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Franks: Criminal Justice Policy Speech


Criminal Justice Policy - A Coming Orewa Experience For Labour And National

Stephen Franks

Speech notes to ACT members, New Leader's lunch, Crowne Plaza, Albert St, Auckland, 12:15pm, Sunday June 20, 2004.

Rodney Hide has asked me to explain my undertaking - last Sunday when we announced ACT's new leadership - that I will turn criminal justice into the next Orewa nightmare for Justice Minister Phil Goff and Helen Clark and Margaret Wilson.

Remember their shock only four months ago when their usual chants of "redneck" failed to turn the tide. Their screeching just bounced off Dr Brash. He had tipped a balance. He restored freedom to millions of New Zealanders - the freedom to openly express the common sense they'd been thinking about the Treaty industry.

They're just as rightfully fed up with crime. The gap between Mr Goff's goofy policies, common sense, honesty and fairness is just as great. The gap is just as great between what Government is delivering and the trusting, safe, openhearted community that we want, that we were, and that we can be again.

So I make my prediction and my promise. We'll see that anointed class smugness shattered again. But there will be one big difference. The criminal justice Orewa experience won't only shock Labour. It will also shock National.

Let me explain why with a story. It's a true story, about a defeated party leadership candidate and what he did the morning after. Last Monday morning I came to Auckland. I'd been asked by Mrs Belinda Reaney to help her persuade the Parole Board that Anthony Roma should serve more of his sentence of life imprisonment. Mrs Reaney's life sentence started one night in 1991, when Roma chose her home to climb into.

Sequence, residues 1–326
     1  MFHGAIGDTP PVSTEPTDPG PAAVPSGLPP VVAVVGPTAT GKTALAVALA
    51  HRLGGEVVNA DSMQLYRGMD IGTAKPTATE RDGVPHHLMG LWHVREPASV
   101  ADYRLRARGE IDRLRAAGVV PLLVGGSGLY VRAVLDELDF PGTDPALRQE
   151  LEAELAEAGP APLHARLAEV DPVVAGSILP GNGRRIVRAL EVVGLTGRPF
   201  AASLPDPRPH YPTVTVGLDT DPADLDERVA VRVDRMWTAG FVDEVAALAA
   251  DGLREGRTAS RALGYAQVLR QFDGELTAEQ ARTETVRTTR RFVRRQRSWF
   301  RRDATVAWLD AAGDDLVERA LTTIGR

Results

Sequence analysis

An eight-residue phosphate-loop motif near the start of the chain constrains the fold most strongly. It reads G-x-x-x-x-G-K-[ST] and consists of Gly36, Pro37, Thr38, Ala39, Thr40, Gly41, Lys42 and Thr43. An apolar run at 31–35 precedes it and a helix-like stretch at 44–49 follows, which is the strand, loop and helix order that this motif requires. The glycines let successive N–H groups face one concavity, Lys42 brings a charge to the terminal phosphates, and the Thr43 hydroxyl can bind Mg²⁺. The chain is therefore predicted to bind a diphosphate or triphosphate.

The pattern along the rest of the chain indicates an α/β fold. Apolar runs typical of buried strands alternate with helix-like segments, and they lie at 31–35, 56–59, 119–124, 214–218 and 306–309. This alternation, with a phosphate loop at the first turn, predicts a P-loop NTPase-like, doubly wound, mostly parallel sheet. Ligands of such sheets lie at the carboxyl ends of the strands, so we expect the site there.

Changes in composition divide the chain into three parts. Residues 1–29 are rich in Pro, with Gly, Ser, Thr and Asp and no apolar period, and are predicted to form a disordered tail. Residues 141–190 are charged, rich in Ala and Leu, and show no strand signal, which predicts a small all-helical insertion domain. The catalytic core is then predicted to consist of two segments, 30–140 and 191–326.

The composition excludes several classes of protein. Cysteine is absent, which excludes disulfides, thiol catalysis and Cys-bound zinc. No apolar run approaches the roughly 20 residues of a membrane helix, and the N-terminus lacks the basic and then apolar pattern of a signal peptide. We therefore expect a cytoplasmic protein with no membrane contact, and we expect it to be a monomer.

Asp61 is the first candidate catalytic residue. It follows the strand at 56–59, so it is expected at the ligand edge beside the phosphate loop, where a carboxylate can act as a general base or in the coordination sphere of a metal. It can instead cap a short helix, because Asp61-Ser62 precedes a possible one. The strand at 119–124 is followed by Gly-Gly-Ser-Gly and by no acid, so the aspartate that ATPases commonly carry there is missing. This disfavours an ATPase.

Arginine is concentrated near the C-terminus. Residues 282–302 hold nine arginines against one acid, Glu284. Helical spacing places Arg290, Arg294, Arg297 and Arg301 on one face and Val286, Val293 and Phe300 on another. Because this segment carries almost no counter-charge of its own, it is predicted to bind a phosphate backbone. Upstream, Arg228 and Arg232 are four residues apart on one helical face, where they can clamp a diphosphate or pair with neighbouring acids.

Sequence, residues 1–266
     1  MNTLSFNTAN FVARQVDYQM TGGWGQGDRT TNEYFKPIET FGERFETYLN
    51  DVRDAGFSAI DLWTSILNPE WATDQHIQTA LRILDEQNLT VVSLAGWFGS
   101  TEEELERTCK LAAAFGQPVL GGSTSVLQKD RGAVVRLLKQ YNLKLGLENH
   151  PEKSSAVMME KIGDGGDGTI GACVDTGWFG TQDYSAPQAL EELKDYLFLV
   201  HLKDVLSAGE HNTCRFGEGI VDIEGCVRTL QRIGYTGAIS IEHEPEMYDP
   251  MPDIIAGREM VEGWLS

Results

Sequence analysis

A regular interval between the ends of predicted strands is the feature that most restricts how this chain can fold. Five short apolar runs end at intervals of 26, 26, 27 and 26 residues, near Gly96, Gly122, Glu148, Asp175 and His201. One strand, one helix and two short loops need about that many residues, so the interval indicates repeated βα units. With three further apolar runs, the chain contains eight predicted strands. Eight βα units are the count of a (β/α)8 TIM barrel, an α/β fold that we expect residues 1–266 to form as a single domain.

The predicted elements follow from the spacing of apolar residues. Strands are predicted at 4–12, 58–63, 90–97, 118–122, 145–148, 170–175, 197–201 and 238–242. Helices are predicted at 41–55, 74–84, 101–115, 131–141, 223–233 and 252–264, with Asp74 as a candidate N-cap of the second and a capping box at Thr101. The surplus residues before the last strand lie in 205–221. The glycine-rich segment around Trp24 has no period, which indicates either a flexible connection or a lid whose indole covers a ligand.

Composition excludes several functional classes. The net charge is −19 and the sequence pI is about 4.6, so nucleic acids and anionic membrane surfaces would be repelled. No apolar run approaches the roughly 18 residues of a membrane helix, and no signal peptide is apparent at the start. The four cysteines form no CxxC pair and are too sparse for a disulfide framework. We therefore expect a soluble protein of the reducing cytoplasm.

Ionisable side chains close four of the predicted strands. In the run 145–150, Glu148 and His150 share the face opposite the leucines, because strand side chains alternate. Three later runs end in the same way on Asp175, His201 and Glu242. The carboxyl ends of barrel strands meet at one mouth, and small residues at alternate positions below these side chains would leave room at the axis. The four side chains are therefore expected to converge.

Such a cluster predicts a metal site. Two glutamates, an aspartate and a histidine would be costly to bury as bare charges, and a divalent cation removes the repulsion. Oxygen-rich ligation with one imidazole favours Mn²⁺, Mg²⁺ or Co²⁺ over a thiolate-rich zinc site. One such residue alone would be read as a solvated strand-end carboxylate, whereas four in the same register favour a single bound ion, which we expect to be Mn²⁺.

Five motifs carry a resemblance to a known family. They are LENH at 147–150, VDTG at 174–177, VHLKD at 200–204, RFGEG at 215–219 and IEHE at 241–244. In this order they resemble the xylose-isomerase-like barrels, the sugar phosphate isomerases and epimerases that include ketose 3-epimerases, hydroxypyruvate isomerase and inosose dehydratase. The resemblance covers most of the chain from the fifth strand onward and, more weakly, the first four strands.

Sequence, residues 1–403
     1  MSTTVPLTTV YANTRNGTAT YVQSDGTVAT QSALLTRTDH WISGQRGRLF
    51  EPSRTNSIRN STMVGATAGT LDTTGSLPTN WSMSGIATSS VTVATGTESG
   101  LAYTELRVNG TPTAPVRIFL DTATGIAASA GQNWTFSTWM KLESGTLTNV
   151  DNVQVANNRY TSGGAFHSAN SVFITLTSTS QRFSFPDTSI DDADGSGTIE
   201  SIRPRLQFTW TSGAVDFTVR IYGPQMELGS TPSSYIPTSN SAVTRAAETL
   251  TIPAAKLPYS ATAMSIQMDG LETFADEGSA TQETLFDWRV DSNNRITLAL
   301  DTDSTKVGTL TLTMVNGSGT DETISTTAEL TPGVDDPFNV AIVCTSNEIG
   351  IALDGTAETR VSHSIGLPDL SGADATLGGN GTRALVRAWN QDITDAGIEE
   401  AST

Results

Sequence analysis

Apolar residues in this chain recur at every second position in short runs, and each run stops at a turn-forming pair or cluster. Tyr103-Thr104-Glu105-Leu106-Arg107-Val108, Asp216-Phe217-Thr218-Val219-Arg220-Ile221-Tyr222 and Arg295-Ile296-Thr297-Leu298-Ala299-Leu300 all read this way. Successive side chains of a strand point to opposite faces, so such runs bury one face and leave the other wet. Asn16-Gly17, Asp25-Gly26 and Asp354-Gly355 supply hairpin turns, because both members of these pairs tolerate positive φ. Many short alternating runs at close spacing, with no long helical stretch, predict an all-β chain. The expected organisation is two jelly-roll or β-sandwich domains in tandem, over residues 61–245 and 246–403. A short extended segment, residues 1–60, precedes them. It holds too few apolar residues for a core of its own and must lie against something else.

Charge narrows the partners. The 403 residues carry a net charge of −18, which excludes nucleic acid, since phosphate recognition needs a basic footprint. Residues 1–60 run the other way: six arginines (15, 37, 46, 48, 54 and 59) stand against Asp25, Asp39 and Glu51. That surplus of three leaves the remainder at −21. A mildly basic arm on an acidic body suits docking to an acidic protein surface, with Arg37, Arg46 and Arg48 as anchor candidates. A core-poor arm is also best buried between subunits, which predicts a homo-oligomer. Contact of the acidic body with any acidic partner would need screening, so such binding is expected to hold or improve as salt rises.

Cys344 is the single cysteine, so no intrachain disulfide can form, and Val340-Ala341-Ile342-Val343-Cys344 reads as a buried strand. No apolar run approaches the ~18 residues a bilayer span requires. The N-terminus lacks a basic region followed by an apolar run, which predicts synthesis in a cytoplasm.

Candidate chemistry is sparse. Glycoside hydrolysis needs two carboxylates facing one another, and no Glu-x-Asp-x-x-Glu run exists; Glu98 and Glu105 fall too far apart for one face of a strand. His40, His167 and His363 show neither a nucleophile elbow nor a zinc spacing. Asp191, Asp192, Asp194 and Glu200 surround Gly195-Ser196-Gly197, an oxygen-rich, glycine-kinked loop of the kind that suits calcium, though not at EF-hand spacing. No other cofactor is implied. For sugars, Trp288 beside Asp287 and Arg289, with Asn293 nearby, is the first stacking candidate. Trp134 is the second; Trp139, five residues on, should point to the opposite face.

He wanted to kill pakeha. So her seven-year-old son was slaughtered in his bed, and her older son savagely injured. Ten years later, the justice authority thought that Roma should go free. The Reaneys had to oppose parole. They told them he would offend again.

They were ignored. They were told that his parole conditions would work. He was to abstain from drugs and alcohol, and stay with his family. Of course none of these conditions were enforced, and of course Roma struck again - fortunately this time a man in a park was the focus of his sexual attack.

Last Monday, the Parole Board was more respectful. They explained it was stuck with laws that did not let them look at the purposes of sentencing, that they had no defined benchmark for the level of risk innocent people must accept, that they had no guidance on what victims interests they had to respect.

They are forced to tell victims "trust us". The victims know that we have no reason to trust anyone in the justice establishment. It is not the Parole Board's fault, they don't write these laws.

But the Government dumps on them. Labour Ministers know the ground is shifting. David Cunliffe could only yell "are sob stories all you've got" when I raised this case in Parliament on Thursday.

National, too, senses the shift. Dr Brash will announce their criminal justice themes on July 4. But they won't fix it. They will talk of reforms, and reviews, and tightening up, when it is transformation we need - abolishing parole, not restructuring it; ending name suppression, not limiting it; truth in sentencing, half the truth is not the truth; life meaning life, not just some extra years. Victims with real rights, not just more patronising politeness. The right to know that justice has been done, that crime won't pay, that the State will make criminals cower, not those they prey on.

Transforming New Zealanders exposure to crime is straightforward. We don't even need to pioneer. New York has shown how. We can encourage a new generation to sleep with wide-open windows on a hot summer night, to walk home in the dusk without wondering whether it is wise. We can tell farming families they are safe, we can reassure the elderly that they won't be mugged into dependency.

It simply needs determination. Determination that excuses won't work. That crime won't pay, that sentences will be served, that fines will be collected.

It is not complex. Our grandparents achieved it. With the will, and the means we now have, we can do better than them.

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